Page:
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Margi Preus’ Shadow on the Mountain is a gripping adventure story of teenagers risking death to defy the Nazis who have invaded their country. It is also almost entirely true.
This One Summer is a gorgeously-crafted coming-of-age graphic novel centering around a young girl named Rose. Her family has been visiting Awago Beach for years, but this summer is different.
Rose's parents have been fighting since they arrived at the beach. Something happened there last year that neither parent wishes to address, but it looms over their heads like a cloud of unspoken malaise.
Gemma Doyle is furious with her mother. They may have the same untamed red hair and deep green eyes, but in Libba Bray’s historical novel A Great and Terrible Beauty they are completely at odds with each other. It’s Gemma’s 16th birthday, and try as she may, she is making no headway whatsoever with getting what she really wants for a present—a ticket back to Merrie Olde England where she can make her debut in society and meet some nice, eligible young men. But her mother won’t budge. Gemma’s to stay with her parents in India. And then something terrible happens. She gets her wish… at a horrifying cost.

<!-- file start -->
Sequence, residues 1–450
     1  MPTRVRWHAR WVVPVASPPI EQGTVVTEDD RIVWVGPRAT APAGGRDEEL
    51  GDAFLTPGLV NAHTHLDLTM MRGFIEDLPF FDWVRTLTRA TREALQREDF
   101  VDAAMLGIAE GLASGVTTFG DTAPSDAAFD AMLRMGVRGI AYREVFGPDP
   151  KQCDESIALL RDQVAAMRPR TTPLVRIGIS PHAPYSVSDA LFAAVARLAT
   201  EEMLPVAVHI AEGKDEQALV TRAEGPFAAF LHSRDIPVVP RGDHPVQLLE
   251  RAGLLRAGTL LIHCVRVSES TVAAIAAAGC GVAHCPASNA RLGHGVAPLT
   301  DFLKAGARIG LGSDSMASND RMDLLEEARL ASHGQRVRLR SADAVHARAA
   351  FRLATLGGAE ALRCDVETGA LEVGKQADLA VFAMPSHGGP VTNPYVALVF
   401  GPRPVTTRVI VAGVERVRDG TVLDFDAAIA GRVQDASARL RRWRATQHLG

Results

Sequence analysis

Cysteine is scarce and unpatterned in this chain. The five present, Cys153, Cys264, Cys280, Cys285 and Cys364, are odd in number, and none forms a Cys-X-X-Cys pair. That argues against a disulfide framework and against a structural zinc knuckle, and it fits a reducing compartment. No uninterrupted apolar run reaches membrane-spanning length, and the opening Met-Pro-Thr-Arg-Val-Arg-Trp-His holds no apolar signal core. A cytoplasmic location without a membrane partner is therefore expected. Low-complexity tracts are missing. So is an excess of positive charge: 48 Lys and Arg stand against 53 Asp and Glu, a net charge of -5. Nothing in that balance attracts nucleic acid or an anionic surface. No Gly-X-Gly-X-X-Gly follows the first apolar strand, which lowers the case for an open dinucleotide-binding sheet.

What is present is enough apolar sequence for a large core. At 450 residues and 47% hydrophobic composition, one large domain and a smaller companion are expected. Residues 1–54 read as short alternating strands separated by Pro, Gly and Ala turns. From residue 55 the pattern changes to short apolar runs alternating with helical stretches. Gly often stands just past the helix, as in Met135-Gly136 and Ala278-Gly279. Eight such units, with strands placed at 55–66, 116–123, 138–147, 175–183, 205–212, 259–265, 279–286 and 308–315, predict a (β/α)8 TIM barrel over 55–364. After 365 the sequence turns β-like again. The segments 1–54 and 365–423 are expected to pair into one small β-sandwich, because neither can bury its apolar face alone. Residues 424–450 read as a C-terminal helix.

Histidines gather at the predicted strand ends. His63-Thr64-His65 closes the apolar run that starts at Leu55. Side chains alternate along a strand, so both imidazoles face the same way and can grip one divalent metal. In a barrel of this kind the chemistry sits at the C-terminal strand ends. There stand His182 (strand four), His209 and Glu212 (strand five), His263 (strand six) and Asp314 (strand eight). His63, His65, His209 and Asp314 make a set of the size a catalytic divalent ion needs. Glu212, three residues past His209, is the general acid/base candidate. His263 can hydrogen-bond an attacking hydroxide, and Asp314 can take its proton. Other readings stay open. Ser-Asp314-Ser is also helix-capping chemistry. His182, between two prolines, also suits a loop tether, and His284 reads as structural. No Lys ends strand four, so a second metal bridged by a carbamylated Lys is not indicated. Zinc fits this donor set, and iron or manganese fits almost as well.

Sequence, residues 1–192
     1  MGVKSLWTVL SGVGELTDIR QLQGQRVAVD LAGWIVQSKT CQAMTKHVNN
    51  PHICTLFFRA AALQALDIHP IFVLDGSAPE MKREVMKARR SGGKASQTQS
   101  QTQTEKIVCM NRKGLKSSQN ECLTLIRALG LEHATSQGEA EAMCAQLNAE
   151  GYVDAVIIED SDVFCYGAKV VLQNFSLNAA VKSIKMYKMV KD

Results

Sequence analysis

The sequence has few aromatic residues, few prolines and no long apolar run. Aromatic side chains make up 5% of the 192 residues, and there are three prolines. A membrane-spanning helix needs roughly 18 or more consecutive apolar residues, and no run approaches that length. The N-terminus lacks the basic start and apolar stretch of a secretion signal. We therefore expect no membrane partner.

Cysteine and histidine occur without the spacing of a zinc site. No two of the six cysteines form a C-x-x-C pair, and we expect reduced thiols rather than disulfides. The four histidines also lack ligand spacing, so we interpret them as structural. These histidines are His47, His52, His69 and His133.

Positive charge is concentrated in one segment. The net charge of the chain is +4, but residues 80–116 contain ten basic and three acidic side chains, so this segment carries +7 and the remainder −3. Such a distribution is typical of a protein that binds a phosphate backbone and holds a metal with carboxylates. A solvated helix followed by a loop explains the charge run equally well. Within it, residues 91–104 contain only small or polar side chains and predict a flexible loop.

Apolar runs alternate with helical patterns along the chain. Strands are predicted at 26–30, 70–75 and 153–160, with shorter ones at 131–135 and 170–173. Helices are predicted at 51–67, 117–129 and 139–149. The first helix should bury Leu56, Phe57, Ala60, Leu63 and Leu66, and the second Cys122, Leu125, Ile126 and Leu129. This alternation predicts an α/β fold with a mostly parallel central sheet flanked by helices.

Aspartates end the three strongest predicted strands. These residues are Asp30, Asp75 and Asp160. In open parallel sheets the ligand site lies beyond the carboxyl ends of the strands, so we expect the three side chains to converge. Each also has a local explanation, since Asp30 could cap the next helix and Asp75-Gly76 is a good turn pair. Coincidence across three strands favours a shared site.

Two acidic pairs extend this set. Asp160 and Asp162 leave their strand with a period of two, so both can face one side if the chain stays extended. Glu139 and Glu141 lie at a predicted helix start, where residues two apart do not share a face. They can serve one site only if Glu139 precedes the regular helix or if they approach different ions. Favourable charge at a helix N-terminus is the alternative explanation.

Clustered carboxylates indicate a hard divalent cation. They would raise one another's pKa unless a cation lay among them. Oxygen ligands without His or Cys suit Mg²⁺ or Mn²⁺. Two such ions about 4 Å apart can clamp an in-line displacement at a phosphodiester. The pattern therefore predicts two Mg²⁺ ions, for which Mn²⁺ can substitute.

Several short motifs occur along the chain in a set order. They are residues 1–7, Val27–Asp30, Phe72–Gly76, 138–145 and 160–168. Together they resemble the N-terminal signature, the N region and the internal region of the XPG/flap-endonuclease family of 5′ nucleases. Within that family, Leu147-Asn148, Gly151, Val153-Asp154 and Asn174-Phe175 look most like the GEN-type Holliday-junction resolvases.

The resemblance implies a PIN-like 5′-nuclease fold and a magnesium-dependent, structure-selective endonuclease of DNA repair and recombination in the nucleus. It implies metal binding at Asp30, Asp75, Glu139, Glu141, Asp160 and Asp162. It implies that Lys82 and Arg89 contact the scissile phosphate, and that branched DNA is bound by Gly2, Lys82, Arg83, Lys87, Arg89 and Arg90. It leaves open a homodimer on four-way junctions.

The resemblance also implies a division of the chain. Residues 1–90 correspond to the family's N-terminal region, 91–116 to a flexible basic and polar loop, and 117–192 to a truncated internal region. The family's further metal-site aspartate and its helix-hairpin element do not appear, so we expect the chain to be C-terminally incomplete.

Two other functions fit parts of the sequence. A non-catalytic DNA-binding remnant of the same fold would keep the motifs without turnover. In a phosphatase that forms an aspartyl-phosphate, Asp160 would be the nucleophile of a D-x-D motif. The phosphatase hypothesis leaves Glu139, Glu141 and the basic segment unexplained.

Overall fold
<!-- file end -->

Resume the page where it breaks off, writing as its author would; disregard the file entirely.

“She’s perfect now.”
Nicole Castro is the most popular girl in school—a brain, a jock, a great friend—but what everyone is struck by is her beauty. Her perfect, perfect face. Or, they were until somebody attacked her, erasing half of her. Or, did they? In Paul Griffin’s Burning Blue, the mysteries of who did this to Nic and who she really is are slowly revealed to everyone, including herself.
When I Was the Greatest is Jason Reynolds' first novel, but his voice is already fully-formed. He guides us through the life of Ali, a teenager living in Brooklyn, the non-Cosby part. Ali's mom complains about white gentrification raising the price of rent, but Ali does not fully follow.
I don't really get that. I mean, if I'm in a restaurant, and I order some food, and a white person walks in, all of a sudden I have to pay more for my meal? Makes no sense, but that's what she says.
Many novels with animal protagonists go to great lengths to anthropomorphize them, giving them names, extensive language, and culture that strongly resemble those of humans. Paleontologist Robert Bakker goes the opposite route with his novel Raptor Red. He creates a primeval world viewed through the eyes of dinosaurs and other creatures of the Early Cretaceous epoch.